Over the past three years, AFCEA International has undergone several changes, both internally and externally. Some of these changes reflected the new world that we faced after the September 11, 2001, attacks. Others were a part of the internal activities that a dynamic organization undergoes to remain vibrant. The next three years hold more changes in store for the association, and they promise to be as important as those of the recent past.
The biggest recent change has been an added emphasis on homeland security. AFCEA has been working extensively with governments—large and small—to provide industry outreach opportunities for the wide range of departments and agencies that have come together to help secure the homeland against further terrorist attacks. This effort is all the more vital given the important role that information technologies must play in deterring attack and in aiding first responders.
AFCEA is proud that it has been able to help the departments of Defense and Homeland Security collectively address information technology issues. The model for this assistance is the role that the association has been playing as a bridge for government and industry throughout the Cold War and its aftermath. For more than 55 years, AFCEA toiled to ensure that the military and the private sector worked together to the benefit of the Free World. The West reaped that harvest with its victory in the Cold War, and now the same approach is being applied to homeland security. AFCEA is undertaking this challenge without detracting from the support it provides to its traditional partners in the defense community.
The next three years will bring more advances. Foremost, AFCEA will increase emphasis on supporting the transforming intelligence community as it goes through a period of major change. As with the communications-electronics community in the Cold War, the intelligence community is being called upon to serve as the first line of defense against the global threat to freedom. While this role of intelligence has been a constant throughout recorded history, today it has assumed greater importance with the unforgiving nature of the war on terrorism and the threat to the homeland.
AFCEA is positioning its international organization to provide as much information technology service to the intelligence community as it did for the Defense Department over the past five decades. This commitment already has taken shape at AFCEA International headquarters with the promotion of Col. Steve Ritchey, USAF (Ret.), to the position of vice president for intelligence. This is not a superficial move. It reflects the importance that AFCEA places on its role with the intelligence community. This new focus on intelligence is a vital step forward for the association—and for the Free World.
Internally, AFCEA continues to grow. Recruitment has been the primary source of this growth, and the next three years will see the association increase emphasis on retention. A key element of any membership organization’s viability, retention is a reflection of individuals believing that they are welcome and that they are seeing a good return on their investment. AFCEA is embarking on a thrust that seeks to ensure both of those conditions.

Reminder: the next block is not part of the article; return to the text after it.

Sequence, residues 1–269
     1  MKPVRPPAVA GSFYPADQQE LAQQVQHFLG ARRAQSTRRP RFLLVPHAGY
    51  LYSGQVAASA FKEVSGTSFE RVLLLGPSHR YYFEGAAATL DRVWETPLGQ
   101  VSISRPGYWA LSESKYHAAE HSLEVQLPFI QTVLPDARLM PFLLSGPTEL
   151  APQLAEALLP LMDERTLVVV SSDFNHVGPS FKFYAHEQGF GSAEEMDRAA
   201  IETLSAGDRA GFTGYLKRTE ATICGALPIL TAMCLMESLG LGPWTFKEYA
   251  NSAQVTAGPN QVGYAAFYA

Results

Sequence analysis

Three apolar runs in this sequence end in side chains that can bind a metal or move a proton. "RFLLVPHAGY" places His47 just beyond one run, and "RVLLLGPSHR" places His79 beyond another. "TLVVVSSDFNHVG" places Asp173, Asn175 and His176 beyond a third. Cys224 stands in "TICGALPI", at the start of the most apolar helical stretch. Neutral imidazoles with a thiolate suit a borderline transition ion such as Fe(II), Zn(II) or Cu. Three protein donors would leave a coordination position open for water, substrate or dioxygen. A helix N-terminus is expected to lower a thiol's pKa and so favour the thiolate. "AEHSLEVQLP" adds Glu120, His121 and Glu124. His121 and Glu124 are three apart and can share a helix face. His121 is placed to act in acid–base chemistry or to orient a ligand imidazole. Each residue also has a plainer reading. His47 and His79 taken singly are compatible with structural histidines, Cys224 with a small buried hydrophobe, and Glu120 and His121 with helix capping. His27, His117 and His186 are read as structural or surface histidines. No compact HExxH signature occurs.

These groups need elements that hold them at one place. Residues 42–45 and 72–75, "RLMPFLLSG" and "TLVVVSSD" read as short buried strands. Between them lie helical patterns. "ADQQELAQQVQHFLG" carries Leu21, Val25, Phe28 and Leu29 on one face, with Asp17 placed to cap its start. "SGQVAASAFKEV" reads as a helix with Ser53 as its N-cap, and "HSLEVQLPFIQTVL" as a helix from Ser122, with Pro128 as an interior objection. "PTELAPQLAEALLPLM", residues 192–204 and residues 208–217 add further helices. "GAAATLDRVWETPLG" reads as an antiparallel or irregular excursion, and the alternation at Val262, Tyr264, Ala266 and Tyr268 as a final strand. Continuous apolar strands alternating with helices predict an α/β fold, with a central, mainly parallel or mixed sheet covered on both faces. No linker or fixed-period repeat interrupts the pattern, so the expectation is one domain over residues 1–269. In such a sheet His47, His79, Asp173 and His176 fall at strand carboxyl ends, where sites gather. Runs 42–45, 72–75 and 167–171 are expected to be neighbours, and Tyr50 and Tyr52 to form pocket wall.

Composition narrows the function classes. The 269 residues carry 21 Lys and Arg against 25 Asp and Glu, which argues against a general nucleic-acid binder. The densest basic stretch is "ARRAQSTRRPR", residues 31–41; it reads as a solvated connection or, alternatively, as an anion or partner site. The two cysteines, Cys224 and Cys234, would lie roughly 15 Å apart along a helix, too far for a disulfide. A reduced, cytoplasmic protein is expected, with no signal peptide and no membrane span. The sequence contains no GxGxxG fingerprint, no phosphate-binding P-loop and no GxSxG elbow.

The best way to achieve this goal is for a longtime AFCEAN to become actively involved with each new member. So, the association is aiming for chapters to welcome new corporate sponsors or individuals on a personal scale. A new company joining the association would receive the benefit of expertise from a like-minded corporate individual who could show the new company how to gain the maximum benefit from its AFCEA sponsorship. For the individual new member, a chapter member would provide mentorship and help the individual become involved in chapter activities. This way, the new member could experience the benefits of AFCEA membership firsthand through a member who knows the value of the association. With this approach to corporate sponsorship and individual membership, people would see a good return on their personal or their organization’s investment in both time and money.
These internal and external efforts lie at the heart of AFCEA’s international efforts as well. It has been very rewarding to see the growth in European membership and activities, especially TechNet Europe. AFCEA is playing a vital role in ensuring that NATO understands the transformation process that is taking place on the western side of the Atlantic Ocean. Not only has the TechNet Europe show grown, but also the Supreme Allied Commander Europe Transformation event has increased in value. Adm. Edmund P. Giambastiani Jr., USN, conducted this event last year in Europe, and it appears that he will conduct it again in the future.
All NATO nations are dedicating themselves to the interoperability and integration that are required to fight in the future. This same challenge looms large in the fight against terrorism, and the spirit of NATO that helped win the Cold War will be needed to win the war against that 21st century threat. AFCEA, through its AFCEA Europe office, is making great strides in strengthening the ability of both NATO and U.S. militaries and industries to work together to benefit all nations.
In whatever global hemisphere it is active, AFCEA International is very proud of the role it has played in the past. It is very pleased with the progress it is making to support the security of the Free World as it faces the future. And, it is not hesitating to move forward to ensure that those efforts never will be in vain.